As Colin Chia from McGill University pointed out, great power prestige and nationalism are major factors in the formulation of Russian and Chinese foreign policy. Using Deborah Larson and Alexei Shevchenko’s model, he pointed to the nature of great power ambitions. These elements include the creation of a sphere of influence, the pursuit of deference by other great powers and revanchist impulses. The theory seems to fit Putin’s Russia perfectly. Russia is using the Ukraine and Georgia to establish a wider sphere of influence. It seeks EU and US deference in the Ukraine and recognition of their superior status. It has also utilized its former control over Crimea and its irredentist claims on the local population to justify its aggression in the area. This classic great power policy shocked US Secretary of State John Kerry. He recently accused Russia of behaving “in a 19th century fashion.”

The liberal tradition of Western states discourages this sort of collectivist and statist view of power politics. Chia claims that Canada seeks its identity and prestige outside of geopolitics, by emphasizing its excellence in hockey for example. However, it is not absent from the calculations of Western states either. Harris Stephenson of the University of Calgary made a case for the continuing importance of prestige in Canadian policy. In explaining why Canada had decided to take on the demanding role of COIN in the Kandahar area rather than controlling “an empty hilltop somewhere”, he said that officials had stated that since “Canada was a serious nation” it should take on a serious role.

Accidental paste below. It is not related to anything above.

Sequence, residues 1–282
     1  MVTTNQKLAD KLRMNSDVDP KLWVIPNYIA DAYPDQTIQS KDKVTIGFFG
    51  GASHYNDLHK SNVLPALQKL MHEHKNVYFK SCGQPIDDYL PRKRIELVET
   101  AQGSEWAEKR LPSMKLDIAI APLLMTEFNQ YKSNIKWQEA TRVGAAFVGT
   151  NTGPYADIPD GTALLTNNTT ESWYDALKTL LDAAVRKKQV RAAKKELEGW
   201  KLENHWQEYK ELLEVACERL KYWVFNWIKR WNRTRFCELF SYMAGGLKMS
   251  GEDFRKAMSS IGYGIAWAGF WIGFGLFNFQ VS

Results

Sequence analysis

The United States however has an utterly different concept of national prestige, and this has been both a hindrance and a boon to its global position. This is part and parcel of the manner in which the Obama administration misunderstands Russian foreign policy and its motives. As Tim Anderson of the University of Calgary convincingly demonstrated, much of American thought is based on moral precepts rather than realpolitik. Anderson showed how the neoconservative approach to American foreign policy is fully applicable to the Kantian categorical imperative. Ultimately that approach, and most major American approaches to American foreign policy, stress the benefit of the international community and not just the national interest of the United States. This has increased American cultural appeal, or as soft power. As Anderson said, the conception among policy elites is that “American hegemony is for the benefit of all mankind.” However, this lens of morality and American expectionalism is unhelpful in comprehending the foreign policy interests of classic power politics driven powers such as China and Russia.

The overt focus on the wrong variables and the lack of attention to classic explanations and cases does pose some interesting philosophical questions. Does the academic and Western focus on innovation, change and the individual mean that we are losing sight of the timeless truths of politics and strategy? One thing is for sure, from the vantage point of March, 2014, the insights of history and the classics of strategy seem more insightful than ever while the post 9/11 orthodoxy of asymmetry and human security seems dated and incomplete. Perhaps we should heed Sun Tzu’s advice (quoted in the program) “If you know your enemies and know yourself, you will not be imperiled in a hundred battles.”

Shaiel Ben-Ephraim. PhD Candidate.